- School nurses and teachers should know about diabetes.
- Particularly, they should be educated in hypoglycemia and know the warning signs and what to do in case of an emergency.
- They should also now about insulin dosage requirements and hypopack.
- They should talk to the family, doctor, and student. Each will give information that they can use and they should ask about how to communicate with them. For example, a family may want to be able to talk to the school nurse whenever they want. A student may want to be able to go to the nurse at a certain time of day if they have to. The nurse and teacher should talk to the each person and see what they prefer.
- To help a student succeed, nurses and teachers can can:
- Tell appropriate teachers about the student’s diabetes or help the student talk to their teacher, as long as the nurse or teacher themselves know the correct information.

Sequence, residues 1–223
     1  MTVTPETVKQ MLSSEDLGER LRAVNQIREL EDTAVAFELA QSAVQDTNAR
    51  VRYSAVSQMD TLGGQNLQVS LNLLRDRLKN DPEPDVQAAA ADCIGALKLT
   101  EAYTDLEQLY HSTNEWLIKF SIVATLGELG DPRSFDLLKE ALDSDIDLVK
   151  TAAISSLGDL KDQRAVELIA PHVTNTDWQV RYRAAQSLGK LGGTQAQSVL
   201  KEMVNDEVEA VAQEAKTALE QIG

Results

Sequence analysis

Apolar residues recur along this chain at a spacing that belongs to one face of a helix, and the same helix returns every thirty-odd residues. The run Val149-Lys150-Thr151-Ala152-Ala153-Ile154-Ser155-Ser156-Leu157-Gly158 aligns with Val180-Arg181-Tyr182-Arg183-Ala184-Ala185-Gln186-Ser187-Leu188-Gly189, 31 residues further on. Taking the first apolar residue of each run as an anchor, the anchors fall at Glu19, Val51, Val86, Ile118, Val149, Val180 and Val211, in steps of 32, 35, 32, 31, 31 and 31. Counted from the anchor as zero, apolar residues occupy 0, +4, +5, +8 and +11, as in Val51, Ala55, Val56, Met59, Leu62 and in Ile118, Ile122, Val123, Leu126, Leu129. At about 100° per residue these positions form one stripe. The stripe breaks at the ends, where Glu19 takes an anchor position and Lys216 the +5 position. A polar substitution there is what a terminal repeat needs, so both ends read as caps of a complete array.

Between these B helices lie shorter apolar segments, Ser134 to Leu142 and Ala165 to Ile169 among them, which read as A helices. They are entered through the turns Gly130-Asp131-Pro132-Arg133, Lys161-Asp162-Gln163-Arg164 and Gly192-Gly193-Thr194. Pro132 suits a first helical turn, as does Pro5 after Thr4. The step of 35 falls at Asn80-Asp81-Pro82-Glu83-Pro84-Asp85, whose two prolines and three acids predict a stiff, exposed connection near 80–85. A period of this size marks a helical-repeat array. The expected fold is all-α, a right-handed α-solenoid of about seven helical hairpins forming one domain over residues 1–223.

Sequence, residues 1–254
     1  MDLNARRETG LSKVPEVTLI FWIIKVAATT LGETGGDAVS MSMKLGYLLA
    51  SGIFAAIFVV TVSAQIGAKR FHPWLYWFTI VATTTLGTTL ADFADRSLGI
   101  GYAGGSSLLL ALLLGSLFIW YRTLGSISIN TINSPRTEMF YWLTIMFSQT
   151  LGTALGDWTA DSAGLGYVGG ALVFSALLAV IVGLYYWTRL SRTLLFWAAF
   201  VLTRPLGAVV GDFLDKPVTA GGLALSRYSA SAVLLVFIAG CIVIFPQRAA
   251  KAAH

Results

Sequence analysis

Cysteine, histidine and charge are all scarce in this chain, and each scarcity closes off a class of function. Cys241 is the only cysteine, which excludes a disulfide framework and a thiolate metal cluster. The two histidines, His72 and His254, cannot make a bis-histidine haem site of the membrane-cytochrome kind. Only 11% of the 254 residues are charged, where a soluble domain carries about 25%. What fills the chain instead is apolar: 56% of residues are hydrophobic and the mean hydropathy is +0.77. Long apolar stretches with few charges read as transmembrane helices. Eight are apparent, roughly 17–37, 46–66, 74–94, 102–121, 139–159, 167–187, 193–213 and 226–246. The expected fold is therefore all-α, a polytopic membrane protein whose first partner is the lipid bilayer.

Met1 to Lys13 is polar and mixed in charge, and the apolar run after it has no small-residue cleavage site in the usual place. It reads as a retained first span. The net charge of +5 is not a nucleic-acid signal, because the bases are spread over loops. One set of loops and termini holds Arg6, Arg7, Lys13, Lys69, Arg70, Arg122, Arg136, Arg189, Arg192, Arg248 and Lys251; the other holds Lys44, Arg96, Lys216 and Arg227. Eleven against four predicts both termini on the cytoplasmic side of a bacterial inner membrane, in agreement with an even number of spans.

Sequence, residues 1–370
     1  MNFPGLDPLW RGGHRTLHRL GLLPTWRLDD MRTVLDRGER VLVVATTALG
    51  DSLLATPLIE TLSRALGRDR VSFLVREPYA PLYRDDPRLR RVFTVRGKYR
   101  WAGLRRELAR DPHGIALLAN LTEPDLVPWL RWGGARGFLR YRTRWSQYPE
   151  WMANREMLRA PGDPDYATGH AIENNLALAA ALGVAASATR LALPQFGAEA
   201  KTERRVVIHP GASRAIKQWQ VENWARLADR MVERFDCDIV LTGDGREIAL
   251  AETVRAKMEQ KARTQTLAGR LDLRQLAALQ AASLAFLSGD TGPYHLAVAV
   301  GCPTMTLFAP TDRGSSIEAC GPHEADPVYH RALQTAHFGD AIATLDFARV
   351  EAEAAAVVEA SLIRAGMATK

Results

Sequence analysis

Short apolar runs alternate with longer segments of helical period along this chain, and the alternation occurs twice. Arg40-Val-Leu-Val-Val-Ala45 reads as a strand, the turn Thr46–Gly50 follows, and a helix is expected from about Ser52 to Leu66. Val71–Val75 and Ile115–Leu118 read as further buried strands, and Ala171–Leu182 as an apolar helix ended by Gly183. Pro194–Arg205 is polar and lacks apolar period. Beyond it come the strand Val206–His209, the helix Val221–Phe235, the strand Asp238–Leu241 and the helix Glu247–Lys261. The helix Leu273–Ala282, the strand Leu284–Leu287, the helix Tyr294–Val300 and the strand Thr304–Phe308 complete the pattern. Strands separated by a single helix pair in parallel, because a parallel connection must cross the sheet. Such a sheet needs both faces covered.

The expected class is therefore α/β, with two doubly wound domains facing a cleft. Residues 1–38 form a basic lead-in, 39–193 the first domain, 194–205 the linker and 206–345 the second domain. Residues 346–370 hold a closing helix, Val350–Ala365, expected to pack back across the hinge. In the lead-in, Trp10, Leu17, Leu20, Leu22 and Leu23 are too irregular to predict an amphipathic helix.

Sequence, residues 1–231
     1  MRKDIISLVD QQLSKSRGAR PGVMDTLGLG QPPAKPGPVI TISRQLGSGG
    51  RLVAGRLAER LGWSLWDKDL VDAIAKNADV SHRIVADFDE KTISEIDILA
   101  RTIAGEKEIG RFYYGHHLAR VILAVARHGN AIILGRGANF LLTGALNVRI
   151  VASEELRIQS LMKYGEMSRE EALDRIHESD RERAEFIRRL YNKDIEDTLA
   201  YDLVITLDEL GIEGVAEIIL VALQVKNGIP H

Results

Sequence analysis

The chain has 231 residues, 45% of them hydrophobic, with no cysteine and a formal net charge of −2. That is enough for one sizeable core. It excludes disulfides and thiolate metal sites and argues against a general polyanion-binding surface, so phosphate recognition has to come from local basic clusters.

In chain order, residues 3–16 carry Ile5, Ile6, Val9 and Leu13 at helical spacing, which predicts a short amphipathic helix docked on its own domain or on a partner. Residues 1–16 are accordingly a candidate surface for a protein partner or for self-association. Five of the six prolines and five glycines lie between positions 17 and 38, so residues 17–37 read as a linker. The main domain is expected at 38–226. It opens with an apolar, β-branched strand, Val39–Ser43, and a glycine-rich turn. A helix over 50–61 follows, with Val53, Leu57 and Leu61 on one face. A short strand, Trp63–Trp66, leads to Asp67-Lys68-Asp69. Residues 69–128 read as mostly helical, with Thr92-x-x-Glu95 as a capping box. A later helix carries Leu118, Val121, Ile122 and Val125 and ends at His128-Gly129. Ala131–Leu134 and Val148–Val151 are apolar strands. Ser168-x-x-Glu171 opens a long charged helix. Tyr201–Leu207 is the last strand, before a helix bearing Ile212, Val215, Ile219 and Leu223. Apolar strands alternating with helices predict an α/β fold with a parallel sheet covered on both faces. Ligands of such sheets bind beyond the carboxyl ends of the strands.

- Answer any questions that the teachers and other administrators may have.
- Let the students change a test or class if they have high or low blood sugars.
- Allow the student to take insulin in between classes or a meal.
- Allow the student to eat snacks in class and go to the bathroom when they have to.
- Allow the student to go home if required.
- Nurses or teachers may want to keep extra insulin pens or vials, glucometers, testing strips, and a hypoack.
- If the nurse or teacher do not know much about diabetes they should contact the doctor or the student’s guardian.
Information and images from www.penpalsunited.org are from or inspired by Living the Sweet Life with Diabetes: The Art of balancing insulin, diet, and exercise by Dr. Santosh Gupta, MD, MRCP (UK), CDE. You can access the book here: http://manavseva.org/downloads/book-english.pdf
The Penpals United website does not contain medical advice. Any contents of this website, such as text, graphics, images, and other material, are intended for informational and educational purposes only and not for the purpose of rendering medical advice. Such contents are not intended to substitute for professional medical advice, diagnosis, or treatment.